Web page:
I love stamp carving. It is so relaxing and you get something you can use over and over again in your creative projects.
Many of you creatives out there can create amazing and intricate designs stamp carving. I, on the other hand, need to keep it simple. Which shows that, even the simplest design can create a fantastic stamp very easily.
Inspiration for your designs can come from anywhere. The flower stamp that I made previous to creating this video, and which I use as a basis, and to create a more complete piece for my leaf stamp, has been inspired by a pattern on toilet paper!! Well, it still works for me! No one needs to know!
In this tutorial, I am showing you how to easily create your own stamps using a Speedball stamp carving kit. I have tried lino and find it too tricky and fiddly, very hard to control your design carving. With the Speedball kit, on the other hand, it’s as easy as carving butter from the tub! So I have always stuck with it. For smaller designs, you can use plastic erasers, but you will still need carving tools.
- a Speedbal Stamp Making Kit
- tracing paper
- a 2B pencil
- scrap paper and ink pad to test your stamps
I am starting by drawing my design, either directly on the carving block or on the tracing paper. If you are using a photo or any other patterned object, place the tracing paper on top, and trace the outline of the design you wish to create as a stamp. I am using a 2B graphite pencil; as it is quite a soft lead, it will transfer easily. Once you have drawn your design on the tracing paper, turn it over and retrace over your lines for the graphite to transfer onto the carving block. The pattern will show in reverse on your block. If you want the pattern to show the original way, then trace over your lines placing the tracing paper on some scrap paper, then turn your tracing paper over and trace over your original lines.
Once your design is on the carving block, you need to decide on how you want the design to show when stamped.
If you carve over your lines, they will not be printed when inked. Only your negative space will be printed. If this is the effect you’re looking for, you need to ensure that you cut your carving block neatly around your design, as it will be printed. The advantage of this method is that, first, you can cut your block any shape you like or can manage (circle, heart, square…) as long as your carved design fully fits into the shape. The second advantage is that it allows you to colour in your design once stamped. You could, for instance, cut your block into a circle, and carve a heart inside it. If you carve only the lines, then your heart will show as negative space; if you also carve the inside of the heart, it will allow you to colour it in any way you like.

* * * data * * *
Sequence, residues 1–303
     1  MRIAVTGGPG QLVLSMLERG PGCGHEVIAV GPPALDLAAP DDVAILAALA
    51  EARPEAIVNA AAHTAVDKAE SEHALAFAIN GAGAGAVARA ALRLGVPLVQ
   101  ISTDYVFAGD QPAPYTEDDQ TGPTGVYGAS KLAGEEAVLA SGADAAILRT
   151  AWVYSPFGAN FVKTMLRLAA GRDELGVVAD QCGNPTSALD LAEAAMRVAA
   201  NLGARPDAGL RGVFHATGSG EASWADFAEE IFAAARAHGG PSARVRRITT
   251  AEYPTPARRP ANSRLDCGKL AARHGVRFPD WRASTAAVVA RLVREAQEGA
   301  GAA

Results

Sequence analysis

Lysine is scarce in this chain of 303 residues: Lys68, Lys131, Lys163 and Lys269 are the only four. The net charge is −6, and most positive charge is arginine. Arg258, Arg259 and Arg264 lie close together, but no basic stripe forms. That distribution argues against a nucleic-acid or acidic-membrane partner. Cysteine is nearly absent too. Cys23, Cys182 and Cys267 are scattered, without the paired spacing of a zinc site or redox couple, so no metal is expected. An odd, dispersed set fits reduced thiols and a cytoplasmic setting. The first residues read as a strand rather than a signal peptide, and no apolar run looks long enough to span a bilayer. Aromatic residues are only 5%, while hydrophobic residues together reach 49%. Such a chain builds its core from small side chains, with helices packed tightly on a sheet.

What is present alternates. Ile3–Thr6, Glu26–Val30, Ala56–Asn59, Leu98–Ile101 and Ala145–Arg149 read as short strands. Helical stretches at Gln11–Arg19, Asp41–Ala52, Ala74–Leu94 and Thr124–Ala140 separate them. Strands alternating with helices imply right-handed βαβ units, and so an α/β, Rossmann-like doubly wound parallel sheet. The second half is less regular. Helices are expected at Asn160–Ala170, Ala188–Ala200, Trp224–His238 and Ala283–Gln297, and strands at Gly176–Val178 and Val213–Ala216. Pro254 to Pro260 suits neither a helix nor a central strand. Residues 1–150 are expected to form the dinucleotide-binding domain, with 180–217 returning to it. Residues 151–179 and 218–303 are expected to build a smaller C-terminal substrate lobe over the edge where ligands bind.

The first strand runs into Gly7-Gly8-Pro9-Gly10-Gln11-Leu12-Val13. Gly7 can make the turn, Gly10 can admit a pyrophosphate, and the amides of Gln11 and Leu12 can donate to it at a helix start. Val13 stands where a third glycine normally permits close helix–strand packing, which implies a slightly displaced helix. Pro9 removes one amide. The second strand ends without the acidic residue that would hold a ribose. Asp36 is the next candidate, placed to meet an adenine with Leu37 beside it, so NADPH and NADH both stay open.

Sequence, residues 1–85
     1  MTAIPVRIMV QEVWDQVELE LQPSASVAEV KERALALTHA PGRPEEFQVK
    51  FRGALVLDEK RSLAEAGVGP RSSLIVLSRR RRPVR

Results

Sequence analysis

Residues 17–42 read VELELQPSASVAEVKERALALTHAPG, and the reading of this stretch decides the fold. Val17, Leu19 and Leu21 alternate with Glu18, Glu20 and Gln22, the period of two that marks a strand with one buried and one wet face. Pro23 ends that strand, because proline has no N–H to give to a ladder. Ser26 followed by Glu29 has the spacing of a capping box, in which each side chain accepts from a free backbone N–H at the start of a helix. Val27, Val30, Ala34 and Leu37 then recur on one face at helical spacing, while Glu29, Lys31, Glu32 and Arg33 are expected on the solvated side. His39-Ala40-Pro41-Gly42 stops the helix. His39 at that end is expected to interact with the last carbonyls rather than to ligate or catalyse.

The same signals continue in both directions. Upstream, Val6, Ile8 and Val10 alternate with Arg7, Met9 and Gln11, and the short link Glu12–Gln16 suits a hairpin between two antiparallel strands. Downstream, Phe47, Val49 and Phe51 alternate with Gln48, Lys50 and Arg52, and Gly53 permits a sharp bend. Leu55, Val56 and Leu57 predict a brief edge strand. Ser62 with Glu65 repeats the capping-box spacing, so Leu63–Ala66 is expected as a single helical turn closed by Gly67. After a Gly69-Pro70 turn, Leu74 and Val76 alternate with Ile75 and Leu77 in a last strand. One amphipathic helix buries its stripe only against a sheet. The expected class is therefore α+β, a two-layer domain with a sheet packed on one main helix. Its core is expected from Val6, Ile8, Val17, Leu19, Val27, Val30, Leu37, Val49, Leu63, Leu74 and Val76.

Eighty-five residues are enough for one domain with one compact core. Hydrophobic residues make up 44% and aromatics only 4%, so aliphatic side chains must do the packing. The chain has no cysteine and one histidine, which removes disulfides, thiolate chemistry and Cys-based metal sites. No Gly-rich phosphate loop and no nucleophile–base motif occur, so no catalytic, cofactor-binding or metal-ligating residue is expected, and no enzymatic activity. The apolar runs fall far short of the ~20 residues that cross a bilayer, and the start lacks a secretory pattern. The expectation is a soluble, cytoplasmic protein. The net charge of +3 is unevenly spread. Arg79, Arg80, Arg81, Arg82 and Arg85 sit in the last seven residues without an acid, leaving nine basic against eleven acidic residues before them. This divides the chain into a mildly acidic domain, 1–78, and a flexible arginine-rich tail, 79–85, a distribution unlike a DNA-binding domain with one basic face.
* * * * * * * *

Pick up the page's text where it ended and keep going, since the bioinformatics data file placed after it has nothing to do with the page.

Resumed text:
If, on the other hand, you carve around the lines, then the outlines of your design will show when stamped on your projects.
You can also, of course, use both methods, if your design allows it, which creates more intricate and interesting patterns. You need to remember that, the smaller your piece of carving block it, the harder it will be to control the carving of your designs (like when I carve the little heart on my left over block).
I am carving a leaf design to go with the flower stamp I previously created. Then, with the other part of my block piece, I am creating a bumpy lines leaf.
Once your design is carved, cut out the excess block with scissors or craft knife (make sure you use a protective mat underneath). I then test my stamps by inking them. First, it enables me to look if there are any unwanted parts that I need to carve out (or else they will show on my projects when stamped). Then, I press my stamp on some paper to see how the design will show. I am then tidying the design on my stamp with the cutters. The Speedball kit contains 2 blades, one for details and another one for thicker lines. I go back and forth between the 2, depending on how much of the block I want to carve out.
I am also testing them together, stamping the flower with the leaf, and adding some colour with my Pablo colouring pencils.
Once I’m happy with the designs of my stamps, I will wash them using a baby wipe. It is particularly important if you use acrylic/craft paint (which will leave dry residue on your stamps and alter you design), or water-reactive media (it will mix with any new medium you will use next). You can also soak them in tepid soapy water.
Most of the time, I will use my stamps with Archival ink, which is waterproof once dry. In that case, I just won’t bother washing them.
I got my Speedball carving kit from Amazon, and you can also buy the carving blocks on their own (various sizes are available) once you have used up all the block that comes with the kit.
As you can see in the second part of the video tutorial, you can use your scraps to make small easy designs, so don’t put them in the bin. You can always find a use for them!